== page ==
Massachusetts Civil Service Reinstates Deputy Chief But Demotes Him to Firefighter

The Massachusetts Civil Service Commission has overturned the termination of a deputy chief, but concluded that the fire department had established enough misconduct to warrant his demotion to firefighter. The case involved Easton Deputy Chief Timothy Griffin, who was charged with several offenses stemming from a domestic incident on January 26, 2018.

Following his arrest, Chief Griffin was placed on paid administrative leave. After a jury trial in 2019, Chief Griffin was found not guilty of all charges and sought to return to duty. At that point, the Town of Easton gave him a hearing on charges of conduct unbecoming related to the domestic incident. Following a hearing on January 8, 2020 he was terminated.

Chief Griffin appealed the termination to the Civil Service Commission contending the town lacked just cause for termination. Quoting from the Commission’s decision (internal quotation marks and citations removed to facilitate reading):

  • As a general rule, the Commission determines just cause for discipline by inquiring whether the employee has been guilty of substantial misconduct which adversely affects the public interest by impairing the efficiency of public service.
  • The Commission is guided by the principle of uniformity and the equitable treatment of similarly situated individuals [both within and across different appointing authorities] as well as the underlying purpose of the civil service system to guard against political considerations, favoritism and bias in governmental employment decisions.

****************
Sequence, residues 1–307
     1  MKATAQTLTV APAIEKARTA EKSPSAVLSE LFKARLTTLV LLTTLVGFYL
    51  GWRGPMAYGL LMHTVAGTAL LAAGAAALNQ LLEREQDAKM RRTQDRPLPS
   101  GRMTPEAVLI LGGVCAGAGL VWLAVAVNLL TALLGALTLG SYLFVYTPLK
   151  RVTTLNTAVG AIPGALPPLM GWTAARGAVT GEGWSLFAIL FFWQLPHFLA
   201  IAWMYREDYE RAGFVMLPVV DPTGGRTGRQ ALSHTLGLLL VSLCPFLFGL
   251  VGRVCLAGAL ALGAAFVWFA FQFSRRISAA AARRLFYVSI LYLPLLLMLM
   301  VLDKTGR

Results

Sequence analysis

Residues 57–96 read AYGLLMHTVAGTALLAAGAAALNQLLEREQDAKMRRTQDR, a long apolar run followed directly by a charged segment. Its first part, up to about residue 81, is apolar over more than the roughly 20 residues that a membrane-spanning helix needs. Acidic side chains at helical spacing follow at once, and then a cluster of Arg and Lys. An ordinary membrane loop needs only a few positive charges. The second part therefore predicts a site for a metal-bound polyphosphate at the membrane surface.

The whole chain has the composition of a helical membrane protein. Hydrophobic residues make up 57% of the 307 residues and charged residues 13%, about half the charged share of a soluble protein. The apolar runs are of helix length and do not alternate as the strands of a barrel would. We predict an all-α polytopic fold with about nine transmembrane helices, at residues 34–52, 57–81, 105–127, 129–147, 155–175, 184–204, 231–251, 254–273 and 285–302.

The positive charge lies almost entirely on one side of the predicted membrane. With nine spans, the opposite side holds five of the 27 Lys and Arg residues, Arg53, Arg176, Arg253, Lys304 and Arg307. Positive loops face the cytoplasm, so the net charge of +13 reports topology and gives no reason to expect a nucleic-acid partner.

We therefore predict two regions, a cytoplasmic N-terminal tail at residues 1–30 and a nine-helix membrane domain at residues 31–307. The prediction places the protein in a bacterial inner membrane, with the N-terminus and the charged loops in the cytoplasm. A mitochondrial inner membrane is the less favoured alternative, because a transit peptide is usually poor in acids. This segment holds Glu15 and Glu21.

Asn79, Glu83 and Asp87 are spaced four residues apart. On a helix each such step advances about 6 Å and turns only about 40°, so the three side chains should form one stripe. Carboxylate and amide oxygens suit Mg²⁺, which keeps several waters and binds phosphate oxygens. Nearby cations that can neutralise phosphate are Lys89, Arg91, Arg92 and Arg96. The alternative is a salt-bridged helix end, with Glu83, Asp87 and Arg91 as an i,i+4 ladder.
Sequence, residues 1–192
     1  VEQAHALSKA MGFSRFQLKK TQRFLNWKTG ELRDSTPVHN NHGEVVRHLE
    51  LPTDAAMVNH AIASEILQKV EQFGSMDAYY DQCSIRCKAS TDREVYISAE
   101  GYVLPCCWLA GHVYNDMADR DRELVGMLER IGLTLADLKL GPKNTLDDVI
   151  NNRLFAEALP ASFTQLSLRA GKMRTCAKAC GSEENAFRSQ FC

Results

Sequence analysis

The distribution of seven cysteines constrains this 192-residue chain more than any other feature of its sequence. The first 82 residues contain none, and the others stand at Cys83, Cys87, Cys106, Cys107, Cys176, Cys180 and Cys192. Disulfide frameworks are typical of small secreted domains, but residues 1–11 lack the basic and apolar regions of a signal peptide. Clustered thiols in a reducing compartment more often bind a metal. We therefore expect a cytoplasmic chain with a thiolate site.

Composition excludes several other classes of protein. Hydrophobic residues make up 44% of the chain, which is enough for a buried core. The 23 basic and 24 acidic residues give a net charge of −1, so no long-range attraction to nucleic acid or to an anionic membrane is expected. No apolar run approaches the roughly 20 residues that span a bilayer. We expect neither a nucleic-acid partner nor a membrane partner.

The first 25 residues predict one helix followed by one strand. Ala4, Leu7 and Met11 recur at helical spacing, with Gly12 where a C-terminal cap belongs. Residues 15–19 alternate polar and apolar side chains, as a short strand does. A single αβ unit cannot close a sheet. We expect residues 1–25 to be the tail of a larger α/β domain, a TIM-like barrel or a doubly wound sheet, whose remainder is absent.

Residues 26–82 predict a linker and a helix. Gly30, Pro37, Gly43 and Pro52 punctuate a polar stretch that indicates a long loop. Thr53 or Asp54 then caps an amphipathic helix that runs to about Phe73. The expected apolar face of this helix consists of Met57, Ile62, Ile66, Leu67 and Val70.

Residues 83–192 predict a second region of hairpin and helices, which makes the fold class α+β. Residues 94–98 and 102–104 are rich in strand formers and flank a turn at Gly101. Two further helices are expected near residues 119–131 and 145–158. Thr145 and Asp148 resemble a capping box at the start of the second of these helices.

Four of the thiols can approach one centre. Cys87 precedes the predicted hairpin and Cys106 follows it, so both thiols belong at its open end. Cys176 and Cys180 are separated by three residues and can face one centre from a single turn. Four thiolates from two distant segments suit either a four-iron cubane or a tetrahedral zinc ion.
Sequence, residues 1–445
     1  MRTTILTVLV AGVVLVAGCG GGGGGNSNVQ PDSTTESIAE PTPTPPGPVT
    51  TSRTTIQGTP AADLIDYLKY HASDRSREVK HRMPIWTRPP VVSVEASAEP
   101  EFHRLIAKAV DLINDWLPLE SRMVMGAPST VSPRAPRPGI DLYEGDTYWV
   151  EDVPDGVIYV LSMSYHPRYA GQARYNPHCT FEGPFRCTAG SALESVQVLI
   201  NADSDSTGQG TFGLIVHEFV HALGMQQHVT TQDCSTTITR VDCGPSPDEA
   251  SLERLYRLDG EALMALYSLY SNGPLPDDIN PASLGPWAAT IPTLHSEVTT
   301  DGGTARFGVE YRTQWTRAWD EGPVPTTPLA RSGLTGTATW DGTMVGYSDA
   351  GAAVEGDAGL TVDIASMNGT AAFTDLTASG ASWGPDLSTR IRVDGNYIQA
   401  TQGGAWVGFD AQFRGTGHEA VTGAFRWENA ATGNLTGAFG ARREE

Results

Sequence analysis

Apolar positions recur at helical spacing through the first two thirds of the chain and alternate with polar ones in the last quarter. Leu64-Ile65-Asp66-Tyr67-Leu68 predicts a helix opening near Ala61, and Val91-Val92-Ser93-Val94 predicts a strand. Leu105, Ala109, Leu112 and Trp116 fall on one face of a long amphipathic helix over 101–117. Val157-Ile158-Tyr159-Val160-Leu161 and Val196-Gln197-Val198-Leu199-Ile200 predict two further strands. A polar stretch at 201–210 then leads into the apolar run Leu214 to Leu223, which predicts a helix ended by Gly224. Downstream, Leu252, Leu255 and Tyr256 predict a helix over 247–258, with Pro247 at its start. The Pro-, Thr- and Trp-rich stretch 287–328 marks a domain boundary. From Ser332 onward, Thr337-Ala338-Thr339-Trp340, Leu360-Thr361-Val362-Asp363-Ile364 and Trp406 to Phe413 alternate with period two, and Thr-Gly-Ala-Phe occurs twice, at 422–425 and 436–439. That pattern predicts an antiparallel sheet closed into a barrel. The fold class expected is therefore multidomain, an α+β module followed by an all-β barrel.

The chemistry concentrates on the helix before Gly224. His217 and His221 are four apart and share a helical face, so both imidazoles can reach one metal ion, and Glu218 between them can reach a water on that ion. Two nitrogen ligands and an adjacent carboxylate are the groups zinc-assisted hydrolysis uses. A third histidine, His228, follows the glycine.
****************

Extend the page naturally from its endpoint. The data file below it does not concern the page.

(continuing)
• It is also a basic tenet of merit principles, which govern civil service law, that discipline must be remedial, not punitive, designed to correct inadequate performance and [only] separating employees whose inadequate performance cannot be corrected.
  • Off-duty behavior by a public employee must bear a direct and significant nexus to his or her ability to perform the official duties of the position in order for it to be subject to discipline
  • The Commission [has] considerable discretion to affirm, vacate or modify discipline but that discretion is not without bounds and requires sound explanation for doing so.
  • Easton is fully entitled to hold its public safety personnel, especially those holding a senior, command position, to a high standard of professionalism and, in particular, the EFD is entitled to exclude from such employment those who engage in acts of domestic violence.
  • In this appeal, however, upon de novo review of the facts, I conclude that the preponderance of the evidence does not support that, during Dep. Chief Griffin’s encounter at the home of Ms. A, he assaulted her or threatened her with a firearm as the termination letter issued by Easton concluded.
  • EFD did establish, however, that Dept. Chief Griffin’s behavior concerning his encounter with Ms. A rose to the level of conduct unbecoming of him and his misconduct was both reasonably related to his fitness to perform the duties of EFD Deputy Chief and provided just cause for modified discipline and warrants a demotion to the rank of Firefighter and a five-year disqualification from promotion.

The decision goes on to explain why the Commission believed Chief Griffin’s testimony over that of the victim (identified in the decision as Ms. A). Attendees of Managing Disciplinary Challenges in the Fire Service as well as the Credibility Determinations program will appreciate how the Commission’s decision navigates the “he said-she said” aspect of the credibility assessment.

Here is a copy of the decision:

About Curt Varone

Curt Varone has over 40 years of fire service experience and 30 as a practicing attorney licensed in both Rhode Island and Maine. His background includes 29 years as a career firefighter in Providence (retiring as a Deputy Assistant Chief), as well as volunteer and paid on call experience. He is the author of two books: Legal Considerations for Fire and Emergency Services, (2006, 2nd ed. 2011, 3rd ed. 2014) and Fire Officer's Legal Handbook (2007), and is a contributing editor for Firehouse Magazine writing the Fire Law column.
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